That’s probably one of the most important lesson I learnt as a teacher. That if adults themselves have a hard time coping with their problems, what more young children? These days, I try not to scold students without clarifying with them the problem first, though I must admit, I am still not doing too well with this. Some of them are soooooooooooooooooooooooooooooooooooooo
3) They taught me that students are capable of so much of love, care, affection and gratitude.
Because this was my first form class and because I was completely new to the profession and hence not in the least bit exhausted nor jaded, I invested so much of energy and emotions in this class. I tried my best to be there for them, not just academically, but also to help them through their emotional problems.
But this eventually took its toll on me, and many a times, I got so angry and frustrated and felt like quitting. And each of those times, these students found some way to show me that it was worth investing all this effort , because no one deserved it more.
From msgs to check on me when I was on mc, to being able to read me like a book and knowing when I was down, they always somehow made me feel better no matter how lousy I felt.
Also, having tons of art and home ec students in the class was such a perk, because we got the best handmade gifts!
4) They taught me that it was okay to be different. My class was never all that strong academically. Thought I had some students who had straight As, many of them struggled with most of their subjects. While this meant that us teachers worried about them constantly, they eventually proved that they could succeed in their own ways.
Student 1: Offered a scholarship to university of newcastle, majoring in mass communications, a field she has been passionate about since the day I knew her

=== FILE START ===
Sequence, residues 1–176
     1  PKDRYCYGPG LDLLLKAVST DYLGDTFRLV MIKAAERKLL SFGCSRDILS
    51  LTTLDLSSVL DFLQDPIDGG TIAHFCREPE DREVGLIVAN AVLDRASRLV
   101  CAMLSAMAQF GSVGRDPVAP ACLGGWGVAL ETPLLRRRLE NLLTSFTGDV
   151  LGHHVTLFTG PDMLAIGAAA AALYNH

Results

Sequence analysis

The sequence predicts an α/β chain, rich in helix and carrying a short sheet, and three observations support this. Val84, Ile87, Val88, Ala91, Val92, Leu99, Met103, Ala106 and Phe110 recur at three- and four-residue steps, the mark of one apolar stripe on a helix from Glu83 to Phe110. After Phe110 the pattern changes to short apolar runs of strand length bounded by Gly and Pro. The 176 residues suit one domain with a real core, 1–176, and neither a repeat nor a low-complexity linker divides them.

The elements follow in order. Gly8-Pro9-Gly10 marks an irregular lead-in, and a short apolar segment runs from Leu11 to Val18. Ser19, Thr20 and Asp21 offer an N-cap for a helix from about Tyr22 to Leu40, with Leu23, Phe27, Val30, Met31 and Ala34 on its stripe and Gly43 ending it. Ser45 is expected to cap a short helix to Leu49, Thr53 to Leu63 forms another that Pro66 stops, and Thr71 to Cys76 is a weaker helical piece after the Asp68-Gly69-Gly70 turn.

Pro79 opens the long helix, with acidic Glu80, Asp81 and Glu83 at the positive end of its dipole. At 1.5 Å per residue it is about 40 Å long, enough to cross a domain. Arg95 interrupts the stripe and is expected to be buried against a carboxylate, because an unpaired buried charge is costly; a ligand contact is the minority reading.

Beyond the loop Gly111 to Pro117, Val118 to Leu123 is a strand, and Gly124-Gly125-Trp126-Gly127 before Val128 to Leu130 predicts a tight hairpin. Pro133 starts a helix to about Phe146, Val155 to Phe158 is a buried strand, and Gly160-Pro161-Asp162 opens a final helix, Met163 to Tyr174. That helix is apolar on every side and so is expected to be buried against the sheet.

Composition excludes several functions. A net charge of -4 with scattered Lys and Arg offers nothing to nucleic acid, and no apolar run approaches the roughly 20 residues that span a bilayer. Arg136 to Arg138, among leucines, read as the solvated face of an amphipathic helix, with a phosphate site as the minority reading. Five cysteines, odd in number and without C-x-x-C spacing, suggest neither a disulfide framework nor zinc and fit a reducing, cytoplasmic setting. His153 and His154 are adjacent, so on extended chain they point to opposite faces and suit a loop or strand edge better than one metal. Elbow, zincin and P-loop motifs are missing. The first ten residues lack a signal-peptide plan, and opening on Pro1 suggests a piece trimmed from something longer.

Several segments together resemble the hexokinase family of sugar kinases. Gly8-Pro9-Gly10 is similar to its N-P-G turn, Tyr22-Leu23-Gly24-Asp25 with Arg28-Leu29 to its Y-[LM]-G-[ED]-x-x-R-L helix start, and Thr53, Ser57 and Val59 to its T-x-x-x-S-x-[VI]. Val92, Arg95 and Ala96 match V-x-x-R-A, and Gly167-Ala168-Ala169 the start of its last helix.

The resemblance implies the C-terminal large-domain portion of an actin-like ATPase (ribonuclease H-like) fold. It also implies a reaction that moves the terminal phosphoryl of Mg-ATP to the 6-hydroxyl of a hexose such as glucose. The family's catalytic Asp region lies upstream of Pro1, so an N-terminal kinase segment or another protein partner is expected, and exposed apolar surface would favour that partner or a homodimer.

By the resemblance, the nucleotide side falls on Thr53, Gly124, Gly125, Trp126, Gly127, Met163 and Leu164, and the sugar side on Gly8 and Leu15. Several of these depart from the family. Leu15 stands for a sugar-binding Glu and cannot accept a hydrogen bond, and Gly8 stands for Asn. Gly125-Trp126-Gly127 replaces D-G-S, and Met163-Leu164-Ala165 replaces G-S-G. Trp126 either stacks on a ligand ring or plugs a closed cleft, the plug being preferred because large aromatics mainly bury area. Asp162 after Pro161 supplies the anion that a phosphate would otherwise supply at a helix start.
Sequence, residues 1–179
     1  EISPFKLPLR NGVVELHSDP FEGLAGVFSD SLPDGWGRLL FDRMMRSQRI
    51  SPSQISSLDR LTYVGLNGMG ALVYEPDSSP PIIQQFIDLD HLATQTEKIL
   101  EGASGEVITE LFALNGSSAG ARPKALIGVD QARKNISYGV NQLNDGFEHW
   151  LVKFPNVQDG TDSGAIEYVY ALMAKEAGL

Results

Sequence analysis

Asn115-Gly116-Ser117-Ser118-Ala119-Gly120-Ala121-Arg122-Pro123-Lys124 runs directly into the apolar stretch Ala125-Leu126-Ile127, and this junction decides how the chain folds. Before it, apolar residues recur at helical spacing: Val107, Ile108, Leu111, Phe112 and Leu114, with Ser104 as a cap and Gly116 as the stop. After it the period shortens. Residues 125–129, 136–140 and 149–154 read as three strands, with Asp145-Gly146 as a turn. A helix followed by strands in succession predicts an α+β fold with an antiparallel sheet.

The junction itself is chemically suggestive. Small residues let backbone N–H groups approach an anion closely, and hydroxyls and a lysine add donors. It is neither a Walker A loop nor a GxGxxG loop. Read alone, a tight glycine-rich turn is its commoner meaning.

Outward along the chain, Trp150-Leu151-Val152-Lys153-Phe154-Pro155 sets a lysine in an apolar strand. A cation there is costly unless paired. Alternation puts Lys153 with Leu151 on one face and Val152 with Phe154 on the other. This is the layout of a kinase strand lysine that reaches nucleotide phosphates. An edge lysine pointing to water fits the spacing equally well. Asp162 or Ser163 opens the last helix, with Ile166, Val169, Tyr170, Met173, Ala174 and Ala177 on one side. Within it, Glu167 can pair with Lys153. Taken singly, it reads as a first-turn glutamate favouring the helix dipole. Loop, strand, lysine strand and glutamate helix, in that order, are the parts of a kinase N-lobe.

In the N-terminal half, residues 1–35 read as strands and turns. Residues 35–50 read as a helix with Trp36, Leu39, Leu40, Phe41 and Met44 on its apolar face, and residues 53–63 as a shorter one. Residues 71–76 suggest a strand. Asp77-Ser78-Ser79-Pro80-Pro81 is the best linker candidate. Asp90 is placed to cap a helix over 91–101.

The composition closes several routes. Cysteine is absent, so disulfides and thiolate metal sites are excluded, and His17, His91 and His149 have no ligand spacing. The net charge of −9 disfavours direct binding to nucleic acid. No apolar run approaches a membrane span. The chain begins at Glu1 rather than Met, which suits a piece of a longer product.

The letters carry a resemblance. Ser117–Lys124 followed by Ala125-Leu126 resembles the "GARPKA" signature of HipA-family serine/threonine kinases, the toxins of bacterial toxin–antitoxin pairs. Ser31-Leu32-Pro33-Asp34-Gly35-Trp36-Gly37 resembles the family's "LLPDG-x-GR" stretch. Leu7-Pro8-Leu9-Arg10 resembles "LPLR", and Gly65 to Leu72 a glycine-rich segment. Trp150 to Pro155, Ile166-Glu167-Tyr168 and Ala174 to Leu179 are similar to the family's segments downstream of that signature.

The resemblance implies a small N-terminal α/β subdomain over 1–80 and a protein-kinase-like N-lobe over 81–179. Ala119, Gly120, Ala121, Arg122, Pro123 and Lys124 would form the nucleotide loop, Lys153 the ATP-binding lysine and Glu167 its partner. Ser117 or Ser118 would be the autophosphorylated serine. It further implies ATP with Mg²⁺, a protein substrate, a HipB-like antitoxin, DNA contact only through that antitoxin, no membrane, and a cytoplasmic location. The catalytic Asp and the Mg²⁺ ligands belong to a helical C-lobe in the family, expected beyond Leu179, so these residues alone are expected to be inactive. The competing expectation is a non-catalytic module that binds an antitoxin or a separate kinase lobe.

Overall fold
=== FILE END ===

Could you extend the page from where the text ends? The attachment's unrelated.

Student 2: Has a flying license. A dream come true, because flying has been his dream since his NCC (Air) days. Also majoring in Aerospace electronics and serving as an NCC Air Officer.
Student 3: Majoring in economics in NUS. She broke down in front of me when she first received her O level results.
Student 4: Accepted a government scholarship to study accountancy in NTU.
Student 5: Interning in a Media Management Company, having the time of her life. She always thought being creative and artistic wasn’t going to feed her.
Student 6: Business Major, heading for NTU
Student 7: A nurse. Most apt because I can’t think of a single person who wouldn’t be at ease around her.
Student 8: Mechanical engineering, and pursing his passion for adventure.
Student 9: Did badly for his Os, but is now the top student of his course in Poly and heading to NTU.
And I could go on and on. Not many of these students did outstandingly well for their Os. And yet, here they are, pursuing their passion, and carving out a niche for themselves, entirely on their own effort. And till today, I use them as an example to encourage my current students.
So why this long rambly post on them?
Because I MISS THEM SO SO SO MUCH!